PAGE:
Konstantin Sakaev, _The Petroff: An Expert Repertoire For Black_. Chess Stars 2011. 292 pp.
The Bulgarian publishing house Chess Stars has been publishing consistently worthwhile material for more than a decade, especially in the openings. They get very high-rated players (e.g. Alexander Khalifman and Kiril Georgiev, to name just two) to write remarkably thorough but moderately priced books with a very speedy turnaround time from author to reader. Some opening publishers – even very high-Quality ones – are dreadfully slow in that respect, but Chess Stars is almost as fast as a weekly magazine. Even crazier, their books invariably need to be translated from Russian or Bulgarian into English, and they’re still incredibly fast.
Whatever their secret (I suspect their primary translator, GM Evgeny Ermenkov, is kept shackled in a dungeon, forced to work 20 hours a day), it works, and the prices are reasonable too. The books, as physical volumes, are serviceable and easy to read, and while the translations aren’t prose masterworks they’re good enough. As for me and my house, we’d prefer to know about the novelty a month earlier than to revel in a chess book’s Shakespearean cadences.
With that background praise offered, let’s turn our attention to a recent offering by GM Konstantin Sakaev on the Petroff. Sakaev is a strong-to-very strong GM (current rating 2609, peak rating 2677) whose reputation as a theoretical expert is even greater than his reputation as a player. His anti-Gruenfeld book received widespread praise several years ago, and this work, while somewhat less ambitious, should also receive a warm welcome.
The only problem is the subject matter: who wants to play the Petroff? It’s fine for super-GMs facing each other with the mission of drawing with Black and trying to win with White, but what about the rest of us? Even if there are a few occasions where it makes sense to play for, or at least be open to, a draw with Black, most of us aren’t looking to split the point with Black in practically every game. Here’s what Sakaev says:
“What are the pluses and minuses of an opening repertoire based on the Petroff Defence…? I can see only one drawback. If White is an experienced player with a good grasp of theory, and he is in the mood to draw, then he should be able to share the point without too much problem. Still, the same can also be said about almost every other opening, because in contemporary chess it is tremendously difficult to win with Black unless White makes a serious mistake. On the other hand, there is a great advantage to consider: you will not obtain bad positions from the opening. The Petroff Defence is particularly suitable for players with a positional style, since in a calm, quiet contest you can easily win the game if the opponent takes too many risks. You can see this illustrated in the Complete Games section.” (p. 7)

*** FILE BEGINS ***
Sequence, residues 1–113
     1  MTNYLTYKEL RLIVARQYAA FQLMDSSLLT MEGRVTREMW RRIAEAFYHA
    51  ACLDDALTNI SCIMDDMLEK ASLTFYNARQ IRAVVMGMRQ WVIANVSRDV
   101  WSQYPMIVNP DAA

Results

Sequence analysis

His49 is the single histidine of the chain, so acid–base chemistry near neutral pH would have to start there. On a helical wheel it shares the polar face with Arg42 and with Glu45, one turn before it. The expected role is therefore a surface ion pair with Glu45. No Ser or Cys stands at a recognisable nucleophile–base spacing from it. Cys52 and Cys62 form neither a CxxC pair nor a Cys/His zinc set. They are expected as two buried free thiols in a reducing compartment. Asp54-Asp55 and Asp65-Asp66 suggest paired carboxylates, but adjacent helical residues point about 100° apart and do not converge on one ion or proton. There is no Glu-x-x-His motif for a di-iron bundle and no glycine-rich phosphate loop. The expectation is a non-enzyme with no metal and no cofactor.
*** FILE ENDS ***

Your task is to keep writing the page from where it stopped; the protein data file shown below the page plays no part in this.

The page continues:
Having introduced the publisher, the author and the rationale for a book on the Petroff, let’s turn to the content.
First, there’s anti-Petroff material in the eight chapters (a little more than 60 pages) of parts 1 and 2. White can try on moves two and three to avoid the Petroff, so Sakaev examines the Center Game, the Danish Gambit, various versions of the Vienna, Four Knights and Scotch Four Knights (some of these can transpose into each other), the King’s Gambit and the Bishop’s Opening. All of these lines can arise for 1.e4 e5 2.Nf3 Nc6 players, so those who play that way with Black and are interested in meeting the Petroff with White can consider that an added bonus in deciding whether to buy the book.
Second, there are seven (short) chapters on Petroff lines starting 3.d4 Nxe4. There’s one chapter on 4.dxe5 d5 and one on 5.Bd3 d5 6.dxe5 Be7; the rest cover 6.Nxe5 Nd7.
Finally, more than half of the book covers the main move, 3.Nxe5, though perhaps part 4 could have been subdivided into more parts. There are no fewer than 14 chapters, of which nine deeply explore the traditional main lines with 3…d6 4.Nf3 Nxe4 5.d4 d5 6.Bd3 Nc6 7.0-0 Be7. Of the other five, three are dedicated to relatively unpopular sidelines (4.Nxf7, 4.Nc4 and then 5th move sidelines after 4.Nf3 Nxe4 like Morozevich’s 5.Bd3) and two to the currently fashionable 4.Nf3 Nxe4 5.Nc3. Interestingly, to judge by the book’s cover and the choice to make it the last chapter of the book, 4.Nf3 Nxe4 5.Nc3 Nxc3 6.dxc3 Be7 7.Be3 is currently the main line of the Petroff.
I compared some of his lines with analysis from ChessPublishing.com and did some computer-checking as well, and the book came out very well. One spot where he might have been a little more thorough is the 4.Nf3 Nxe4 5.Nc3 Nxc3 6.dxc3 Be7 7.Bf4 chapter. Victor Mikhalevski’s coverage of Topalov-Gelfand, Linares 2010 showed some interesting White tries not covered by Sakaev. I didn’t notice any major omissions, however, and there were plenty of spots where Sakaev’s analysis was broader and deeper than ChessPub’s.
If you’re a Petroff player, or a 1…e5 player who faces the Petroff, it’s a worthwhile book. There’s a reasonable amount of prose, but it’s aimed at reasonably sophisticated players, so I’d recommend it for interested players 1800-1900 and up.